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  M A C A U   C I T Y   G U I D E

Macau Awaits Its Fate, but the Good Life Goes On

Macau Illustration for TIME by Samantha Newstead


Going to Macau is like having an affair. You don't so much journey there as slip away for a weekend or a day, usually as a sidetrip from a more prosaic travel experience in nearby Hong Kong. You may be charmed instantly, but you know it's only a temporary diversion. Macau's cobblestoned streets, winding alleys, pastel-hued European architecture and leisurely pace give the Portuguese colony an appealing "Why hurry?" air. Which is odd, given that change is most definitely coming. The grande dame of local hotels, the Bela Vista, closes this week (to be remodelled as the future residence of the Portuguese consul-general). And on Dec. 20 the enclave reverts to Chinese rule. But panic is not a word in Macau's vocabulary--the handover is a done deal, so why not chill out over a glass of vinho verde?

The feeling that you're embarking on an illicit pleasure begins when you board the jetfoil ferry from Hong Kong, regularly packed with casino-bound punters and daytrippers in pursuit of shopping, as well as great food and wine. The specter of organized crime--visitors needn't worry, tourism officials are quick to reassure--only adds to the excitement, and even non-gamblers are drawn to the gaudy casinos to observe the seedy atmosphere. More adventurous travelers can take a taxi to a shabby area near the Chinese border, where the newly refurbished canidrome offers the only chance in Asia to watch greyhound racing.

Tourism officials are aware that more than 50% of government revenues derive from betting, but they cheerfully point visitors in the direction of Macau's more cerebral treasures, like the recently opened Cultural Center, a ski-jump-roofed structure set on reclaimed land on the harbor. Its two auditoriums will be busy throughout the Arts Festival (May 8 to 23) and during the enclave's international music festival, a two-week tunefest in late October featuring Verdi's Aida, chamber music and other concerts. The Center is also home to an art museum with a collection of 3,000 pieces, including 19th-century paintings of the harbor by Irish artist George Chinnery, who is buried in Macau's lovely Protestant cemetery.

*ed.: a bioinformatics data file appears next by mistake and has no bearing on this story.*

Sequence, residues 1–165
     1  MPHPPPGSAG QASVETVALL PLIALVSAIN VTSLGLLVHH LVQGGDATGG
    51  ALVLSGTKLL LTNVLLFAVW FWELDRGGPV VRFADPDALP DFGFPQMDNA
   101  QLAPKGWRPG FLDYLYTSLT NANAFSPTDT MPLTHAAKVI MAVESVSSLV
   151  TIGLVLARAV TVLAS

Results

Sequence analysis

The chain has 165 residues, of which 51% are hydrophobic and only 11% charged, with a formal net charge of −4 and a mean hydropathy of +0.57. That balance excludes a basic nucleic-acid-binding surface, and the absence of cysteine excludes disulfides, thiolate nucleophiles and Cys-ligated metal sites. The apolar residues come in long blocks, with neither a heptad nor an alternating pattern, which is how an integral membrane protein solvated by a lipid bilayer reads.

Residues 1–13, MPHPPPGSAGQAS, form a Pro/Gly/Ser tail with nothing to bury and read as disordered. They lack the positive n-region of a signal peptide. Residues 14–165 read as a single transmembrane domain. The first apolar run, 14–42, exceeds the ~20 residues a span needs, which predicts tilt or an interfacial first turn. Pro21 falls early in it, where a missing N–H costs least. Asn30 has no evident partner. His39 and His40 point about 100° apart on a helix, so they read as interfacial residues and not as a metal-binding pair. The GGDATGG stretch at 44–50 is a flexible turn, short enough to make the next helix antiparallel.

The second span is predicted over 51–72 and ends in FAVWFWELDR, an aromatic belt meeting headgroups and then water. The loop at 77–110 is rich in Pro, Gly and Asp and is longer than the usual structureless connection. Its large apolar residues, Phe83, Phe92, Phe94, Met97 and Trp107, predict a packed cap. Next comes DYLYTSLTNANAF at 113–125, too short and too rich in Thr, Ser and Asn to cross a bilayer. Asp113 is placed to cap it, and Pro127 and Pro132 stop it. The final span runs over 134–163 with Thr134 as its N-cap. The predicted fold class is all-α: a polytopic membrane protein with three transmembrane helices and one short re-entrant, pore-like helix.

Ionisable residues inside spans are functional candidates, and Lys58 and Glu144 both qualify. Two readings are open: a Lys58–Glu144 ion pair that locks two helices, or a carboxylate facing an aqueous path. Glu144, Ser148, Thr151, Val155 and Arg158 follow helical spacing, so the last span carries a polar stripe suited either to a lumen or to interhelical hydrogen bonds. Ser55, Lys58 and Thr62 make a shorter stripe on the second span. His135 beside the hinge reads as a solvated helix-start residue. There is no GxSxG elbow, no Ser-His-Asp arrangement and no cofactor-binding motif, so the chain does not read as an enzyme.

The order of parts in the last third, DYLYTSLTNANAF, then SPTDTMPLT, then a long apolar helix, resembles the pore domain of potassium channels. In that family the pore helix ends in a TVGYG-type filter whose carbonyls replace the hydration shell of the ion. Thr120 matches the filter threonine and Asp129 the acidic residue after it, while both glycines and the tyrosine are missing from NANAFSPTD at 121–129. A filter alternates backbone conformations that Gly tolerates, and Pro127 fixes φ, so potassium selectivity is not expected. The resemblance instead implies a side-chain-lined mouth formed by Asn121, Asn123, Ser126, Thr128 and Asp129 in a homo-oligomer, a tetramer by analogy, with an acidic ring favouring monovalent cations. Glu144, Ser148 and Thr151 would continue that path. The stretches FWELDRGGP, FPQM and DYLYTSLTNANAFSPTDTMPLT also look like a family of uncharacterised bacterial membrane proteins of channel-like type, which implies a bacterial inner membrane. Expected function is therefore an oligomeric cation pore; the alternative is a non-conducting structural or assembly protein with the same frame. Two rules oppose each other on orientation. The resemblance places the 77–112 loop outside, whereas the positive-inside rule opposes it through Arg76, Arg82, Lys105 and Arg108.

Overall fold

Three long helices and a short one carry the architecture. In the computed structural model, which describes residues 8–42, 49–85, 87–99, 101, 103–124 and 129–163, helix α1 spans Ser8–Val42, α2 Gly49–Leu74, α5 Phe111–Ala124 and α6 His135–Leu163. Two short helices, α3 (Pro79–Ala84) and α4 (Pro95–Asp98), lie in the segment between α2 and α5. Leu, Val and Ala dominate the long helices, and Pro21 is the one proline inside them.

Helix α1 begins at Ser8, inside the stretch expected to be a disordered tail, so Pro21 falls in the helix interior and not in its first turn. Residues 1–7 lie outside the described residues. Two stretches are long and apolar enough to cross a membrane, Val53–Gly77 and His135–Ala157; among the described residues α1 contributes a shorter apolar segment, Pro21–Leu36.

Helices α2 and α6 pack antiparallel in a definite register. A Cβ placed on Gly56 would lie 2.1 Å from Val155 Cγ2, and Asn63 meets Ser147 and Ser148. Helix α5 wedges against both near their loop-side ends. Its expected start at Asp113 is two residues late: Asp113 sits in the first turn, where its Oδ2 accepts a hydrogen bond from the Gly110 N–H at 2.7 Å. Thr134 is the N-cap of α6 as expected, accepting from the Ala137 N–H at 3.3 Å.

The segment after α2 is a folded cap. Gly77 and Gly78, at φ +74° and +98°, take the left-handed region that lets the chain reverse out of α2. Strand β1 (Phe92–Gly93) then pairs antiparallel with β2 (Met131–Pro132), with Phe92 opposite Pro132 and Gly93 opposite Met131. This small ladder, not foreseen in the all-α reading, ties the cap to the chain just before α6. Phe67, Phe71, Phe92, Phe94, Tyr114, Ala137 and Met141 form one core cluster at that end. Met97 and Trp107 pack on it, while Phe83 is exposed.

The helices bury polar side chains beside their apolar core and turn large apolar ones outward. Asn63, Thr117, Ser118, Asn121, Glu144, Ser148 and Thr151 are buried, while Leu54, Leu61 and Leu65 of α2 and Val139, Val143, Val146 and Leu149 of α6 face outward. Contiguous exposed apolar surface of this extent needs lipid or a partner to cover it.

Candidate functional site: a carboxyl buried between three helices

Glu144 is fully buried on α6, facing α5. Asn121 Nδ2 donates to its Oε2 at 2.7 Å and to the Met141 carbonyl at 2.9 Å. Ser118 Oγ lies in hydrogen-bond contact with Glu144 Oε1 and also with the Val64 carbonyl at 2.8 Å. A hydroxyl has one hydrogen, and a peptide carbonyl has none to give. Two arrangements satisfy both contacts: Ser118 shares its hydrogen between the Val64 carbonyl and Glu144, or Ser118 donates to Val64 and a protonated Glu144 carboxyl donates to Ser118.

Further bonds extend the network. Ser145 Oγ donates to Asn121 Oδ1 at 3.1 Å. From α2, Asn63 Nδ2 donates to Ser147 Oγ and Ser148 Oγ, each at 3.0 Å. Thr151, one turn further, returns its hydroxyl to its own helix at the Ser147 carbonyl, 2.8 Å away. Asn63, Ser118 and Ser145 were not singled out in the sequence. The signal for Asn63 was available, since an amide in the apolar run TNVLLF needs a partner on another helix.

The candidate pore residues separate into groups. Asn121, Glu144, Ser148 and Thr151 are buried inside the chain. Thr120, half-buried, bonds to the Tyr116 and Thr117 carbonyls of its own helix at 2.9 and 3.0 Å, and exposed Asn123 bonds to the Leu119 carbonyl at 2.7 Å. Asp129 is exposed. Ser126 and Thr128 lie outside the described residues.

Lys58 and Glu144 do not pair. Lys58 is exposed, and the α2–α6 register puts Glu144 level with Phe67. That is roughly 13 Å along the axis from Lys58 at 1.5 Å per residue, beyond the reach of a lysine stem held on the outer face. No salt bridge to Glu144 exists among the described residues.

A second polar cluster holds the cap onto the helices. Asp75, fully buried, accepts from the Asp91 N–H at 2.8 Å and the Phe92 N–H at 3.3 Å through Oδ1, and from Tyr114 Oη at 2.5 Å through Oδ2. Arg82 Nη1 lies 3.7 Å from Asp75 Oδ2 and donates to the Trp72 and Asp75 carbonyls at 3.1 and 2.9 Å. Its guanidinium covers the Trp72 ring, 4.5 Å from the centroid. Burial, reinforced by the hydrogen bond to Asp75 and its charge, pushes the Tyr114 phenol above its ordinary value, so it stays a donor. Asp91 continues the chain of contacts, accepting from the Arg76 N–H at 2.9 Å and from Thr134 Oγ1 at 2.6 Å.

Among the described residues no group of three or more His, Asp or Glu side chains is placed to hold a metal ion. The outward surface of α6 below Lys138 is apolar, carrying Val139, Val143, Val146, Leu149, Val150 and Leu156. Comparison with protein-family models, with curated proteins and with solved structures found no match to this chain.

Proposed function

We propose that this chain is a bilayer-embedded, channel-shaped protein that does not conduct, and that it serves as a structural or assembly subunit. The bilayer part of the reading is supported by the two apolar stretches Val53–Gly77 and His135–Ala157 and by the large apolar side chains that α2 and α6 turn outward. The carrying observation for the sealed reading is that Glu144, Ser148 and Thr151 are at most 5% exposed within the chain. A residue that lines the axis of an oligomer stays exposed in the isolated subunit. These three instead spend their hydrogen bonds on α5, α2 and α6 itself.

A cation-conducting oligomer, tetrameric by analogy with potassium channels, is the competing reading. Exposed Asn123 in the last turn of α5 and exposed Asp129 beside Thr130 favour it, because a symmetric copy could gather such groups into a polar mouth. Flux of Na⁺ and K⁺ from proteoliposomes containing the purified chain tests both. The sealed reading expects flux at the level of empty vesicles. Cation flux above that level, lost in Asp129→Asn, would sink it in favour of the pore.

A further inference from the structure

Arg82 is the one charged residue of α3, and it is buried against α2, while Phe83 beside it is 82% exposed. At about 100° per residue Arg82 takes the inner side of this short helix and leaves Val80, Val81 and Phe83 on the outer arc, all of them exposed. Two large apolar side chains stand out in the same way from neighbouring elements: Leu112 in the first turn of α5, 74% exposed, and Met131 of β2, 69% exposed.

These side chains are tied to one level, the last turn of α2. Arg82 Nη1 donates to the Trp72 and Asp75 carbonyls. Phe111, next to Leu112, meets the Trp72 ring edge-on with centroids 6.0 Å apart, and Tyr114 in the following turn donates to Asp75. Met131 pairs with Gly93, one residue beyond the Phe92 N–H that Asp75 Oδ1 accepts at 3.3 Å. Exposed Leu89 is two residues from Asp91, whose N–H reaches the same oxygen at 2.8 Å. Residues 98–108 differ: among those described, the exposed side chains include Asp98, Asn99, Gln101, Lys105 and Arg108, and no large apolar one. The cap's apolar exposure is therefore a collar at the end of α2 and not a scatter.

The enclave has no shortage of fine museums, funded largely with gambling revenues. Don't miss the wine museum (the only one in the world devoted to Portugal's vineyards), the Grand Prix museum next door (its two Formula 3 race simulators offer speed junkies a fix until the real thing roars through town Nov. 20 and 21), the Maritime museum (near the kitschy A-Ma temple) or the new Macau Museum, cleverly concealed within the hill supporting the Monte Fort. Relatively few visitors stumble across the Contemporary Art Center, on Avenida Conselheiro Ferreira de Almeida. The current show, "Fast Forward: New Chinese Video Art," which runs until May 30, is a window on what young artists are thinking as the hand-over beckons.

Above all, visitors come to eat well. To soak up the local scene, try any of the busy cafés near the Largo do Senado, like the Bolo de Arroz, named for its divine rice pastries. The café's owners also run O Barril across the lane, which offers a wider menu but a bit less charm. For lunch consider A Lorcha, for its clams and old-world service, or the Litoral, for its bacalhau. The handsomely refurbished Clube Militar also rarely fails to please (look downstairs for photos from its heyday). At night local gourmands can be found at O Porte Interior; Os Gatos at the Pousada de São Tiago, an old fort-turned-hotel; on Taipa Island at Il Petisqueira in the village or the Flamingo at the Hyatt Regency; and further afield on Coloane Island, where Macanese food and a marvelous local ambience are a sure bet at Balichao, Cacarola and in the rollicking back room at Fernando's on Hac Sa beach, near the Westin. After dinner, head back to Macau's main waterfront, where the strip of bars along the Avenida Margina Baia Nova is the latest hot spot for local Chinese, Portuguese and Macanese to mingle, relax and enjoy life--just as they are sure to do long after Dec. 20.

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April 5, 1999

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